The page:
Controversial eruv given go-ahead by local authorities
Posted: Wed, 11 Sep 2013 10:08
Local councillors in Harrow and Hertsmere in Hertfordshire have approved plans to erect a Jewish aerial boundary spanning the two neighbouring boroughs.
The application for the eruv, submitted on behalf of Bushey United Synagogue, has provoked anger from local residents who have complained of a lack of consultation between the orthodox Jewish community and wider Bushey population.
The symbolic boundary, consisting of poles connected by wire to form 'gateways', will turn Bushey into an area where strict Sabbath rules are relaxed for orthodox Jews, such as carrying or transporting items like wheelchairs, pushchairs and handkerchiefs.
The funding for the implementation and monitoring of an eruv will be covered by the United Synagogue.
Local residents opposing the plans argued that the poles and attendant wires could have a detrimental impact on the environment and character of the conservation area.
However, Hertsmere Council said there would be "no unacceptable adverse impact".
Other objections concerning the promotion of social exclusion and the imposition of religion on the public space fell outside the realm of planning consideration.
John Dowdle, Chair of Watford Area Humanists and a critic of the Bushey eruv, said: "An eruv enforces a religious identity on all others living within the religious boundary, whether they share those beliefs or not. I have serious concerns about the detrimental impact this could have on social cohesion.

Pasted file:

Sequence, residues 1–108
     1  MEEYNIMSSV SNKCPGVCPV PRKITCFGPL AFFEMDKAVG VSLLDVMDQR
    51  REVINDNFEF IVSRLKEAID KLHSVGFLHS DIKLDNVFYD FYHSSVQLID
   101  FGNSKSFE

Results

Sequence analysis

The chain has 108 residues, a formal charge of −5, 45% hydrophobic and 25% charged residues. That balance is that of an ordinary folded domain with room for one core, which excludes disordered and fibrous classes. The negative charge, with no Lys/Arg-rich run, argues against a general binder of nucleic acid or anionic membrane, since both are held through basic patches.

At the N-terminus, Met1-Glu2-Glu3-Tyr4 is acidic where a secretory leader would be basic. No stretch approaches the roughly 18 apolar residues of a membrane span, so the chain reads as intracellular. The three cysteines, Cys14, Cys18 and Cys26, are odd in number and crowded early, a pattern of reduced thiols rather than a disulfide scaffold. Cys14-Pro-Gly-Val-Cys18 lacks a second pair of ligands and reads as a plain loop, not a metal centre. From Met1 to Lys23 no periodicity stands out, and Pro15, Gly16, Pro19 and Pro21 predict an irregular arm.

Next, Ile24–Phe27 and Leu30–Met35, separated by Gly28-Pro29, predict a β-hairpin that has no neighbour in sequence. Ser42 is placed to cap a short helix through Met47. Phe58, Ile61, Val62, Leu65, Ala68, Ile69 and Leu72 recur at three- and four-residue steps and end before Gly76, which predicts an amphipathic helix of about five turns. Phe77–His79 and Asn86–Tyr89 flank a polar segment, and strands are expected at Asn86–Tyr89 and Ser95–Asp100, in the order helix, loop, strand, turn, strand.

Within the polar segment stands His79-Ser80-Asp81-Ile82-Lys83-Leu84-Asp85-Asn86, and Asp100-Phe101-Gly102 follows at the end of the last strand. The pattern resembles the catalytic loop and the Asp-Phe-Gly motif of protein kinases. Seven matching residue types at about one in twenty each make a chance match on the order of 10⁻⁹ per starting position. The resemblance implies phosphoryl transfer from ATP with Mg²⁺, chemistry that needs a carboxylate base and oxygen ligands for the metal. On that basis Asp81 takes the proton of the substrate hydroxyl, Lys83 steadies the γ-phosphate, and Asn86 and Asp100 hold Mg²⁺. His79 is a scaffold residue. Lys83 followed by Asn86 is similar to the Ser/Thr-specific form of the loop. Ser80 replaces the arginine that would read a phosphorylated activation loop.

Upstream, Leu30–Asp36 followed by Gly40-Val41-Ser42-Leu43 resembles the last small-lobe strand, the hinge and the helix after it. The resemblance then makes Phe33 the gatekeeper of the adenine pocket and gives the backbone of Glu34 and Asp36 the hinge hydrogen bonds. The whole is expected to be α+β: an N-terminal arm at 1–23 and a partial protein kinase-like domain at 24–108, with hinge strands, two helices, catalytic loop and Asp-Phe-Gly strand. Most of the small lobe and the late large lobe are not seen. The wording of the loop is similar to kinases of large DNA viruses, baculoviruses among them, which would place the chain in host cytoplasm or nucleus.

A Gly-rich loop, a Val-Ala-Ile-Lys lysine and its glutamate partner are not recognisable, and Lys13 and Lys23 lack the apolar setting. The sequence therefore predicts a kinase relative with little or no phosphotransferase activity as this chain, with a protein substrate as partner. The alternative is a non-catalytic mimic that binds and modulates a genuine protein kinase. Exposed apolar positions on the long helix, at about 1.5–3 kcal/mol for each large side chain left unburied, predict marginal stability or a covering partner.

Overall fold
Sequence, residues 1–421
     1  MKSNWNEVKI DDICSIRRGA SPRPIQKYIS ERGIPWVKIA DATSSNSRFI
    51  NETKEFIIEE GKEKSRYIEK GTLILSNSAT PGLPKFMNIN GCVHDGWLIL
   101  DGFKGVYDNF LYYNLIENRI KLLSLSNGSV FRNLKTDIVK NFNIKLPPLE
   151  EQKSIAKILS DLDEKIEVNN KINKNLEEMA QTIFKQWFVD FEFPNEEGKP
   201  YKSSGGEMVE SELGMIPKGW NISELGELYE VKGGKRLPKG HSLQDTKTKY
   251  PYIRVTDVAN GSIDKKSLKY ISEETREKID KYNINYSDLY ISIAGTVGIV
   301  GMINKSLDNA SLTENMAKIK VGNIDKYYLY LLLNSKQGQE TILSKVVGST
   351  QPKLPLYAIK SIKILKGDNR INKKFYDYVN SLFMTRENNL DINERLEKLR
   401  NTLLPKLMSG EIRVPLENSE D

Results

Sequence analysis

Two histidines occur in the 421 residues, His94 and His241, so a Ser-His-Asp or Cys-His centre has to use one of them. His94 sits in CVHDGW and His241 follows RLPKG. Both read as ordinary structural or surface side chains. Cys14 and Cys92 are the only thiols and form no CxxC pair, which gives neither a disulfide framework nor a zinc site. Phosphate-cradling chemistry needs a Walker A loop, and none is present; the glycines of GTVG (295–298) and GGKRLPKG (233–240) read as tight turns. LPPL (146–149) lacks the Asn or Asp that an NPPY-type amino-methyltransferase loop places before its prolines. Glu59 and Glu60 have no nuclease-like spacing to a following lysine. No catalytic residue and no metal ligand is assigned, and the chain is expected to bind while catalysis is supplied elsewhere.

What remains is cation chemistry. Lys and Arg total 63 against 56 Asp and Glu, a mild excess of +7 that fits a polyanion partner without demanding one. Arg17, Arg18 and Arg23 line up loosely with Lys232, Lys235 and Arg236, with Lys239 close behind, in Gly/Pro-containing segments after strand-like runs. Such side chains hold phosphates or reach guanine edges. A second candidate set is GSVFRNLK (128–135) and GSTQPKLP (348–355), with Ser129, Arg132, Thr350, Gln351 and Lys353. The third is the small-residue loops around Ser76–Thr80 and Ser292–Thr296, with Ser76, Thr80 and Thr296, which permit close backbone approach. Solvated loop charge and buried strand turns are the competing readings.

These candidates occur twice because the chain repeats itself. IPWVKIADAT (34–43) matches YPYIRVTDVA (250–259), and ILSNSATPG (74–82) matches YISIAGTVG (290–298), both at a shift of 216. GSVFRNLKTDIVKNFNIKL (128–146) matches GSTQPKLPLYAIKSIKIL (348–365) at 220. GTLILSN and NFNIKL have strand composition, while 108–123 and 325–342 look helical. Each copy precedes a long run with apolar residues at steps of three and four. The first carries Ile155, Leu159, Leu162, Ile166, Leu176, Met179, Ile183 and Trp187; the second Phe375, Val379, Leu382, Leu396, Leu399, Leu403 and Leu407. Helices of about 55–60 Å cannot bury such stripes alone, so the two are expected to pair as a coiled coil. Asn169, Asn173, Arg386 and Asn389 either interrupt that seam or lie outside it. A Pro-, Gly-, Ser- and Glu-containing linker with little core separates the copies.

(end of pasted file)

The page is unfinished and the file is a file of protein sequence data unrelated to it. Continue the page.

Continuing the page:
"In Israel, people driving cars on Shabbat (Saturday) are subjected to stone throwing by ultra-orthodox religionists. Are we opening the way for this kind of behaviour in Britain?"
However, at a public meeting in response to a "considerable amount of anger in Bushey village", Daniel Blake, the Bushey Synagogue board member overseeing the eruv application rejected claims that the eruv will have a significant impact on the locality or create a "Jewish exclusion zone".
He said "the Bushey Jewish community has contributed a great deal to the life of the area. We have sought to promote a model of integration, tolerance for others and community cohesion. Our application will benefit a significant number of people in the local Jewish community, without having any detrimental effect on the wider population or the visual amenity of our area."
According to Mr Blake, the local orthodox community has already raised significant funds but needs to raise additional funds before going out to tender.
Concern has also been expressed about the potential public liability insurance costs involved. The United Synagogue pays insurance but it is unclear whether the local council might be liable should the United Synagogue cease to pay it.
Eruvin are a relatively new phenomenon in the Britain. The first was created in 2003 and created a religious boundary covering 6.5 square miles around parts of Hendon, Golders Green and Hampstead in North London.
Additional eruvin have since been erected in in Edgware, Elstree/Borehamwood and Stanmore. There are also planned eruvin in Whitefield, Greater Manchester, and Woodside Park in London.
Reform and secular Jews generally disapprove of eruvs, rejecting the concept of an eruv as a valid interpretation of Jewish law.
Hertsmere Council's summary of recommendation to grant planning permission can be read here.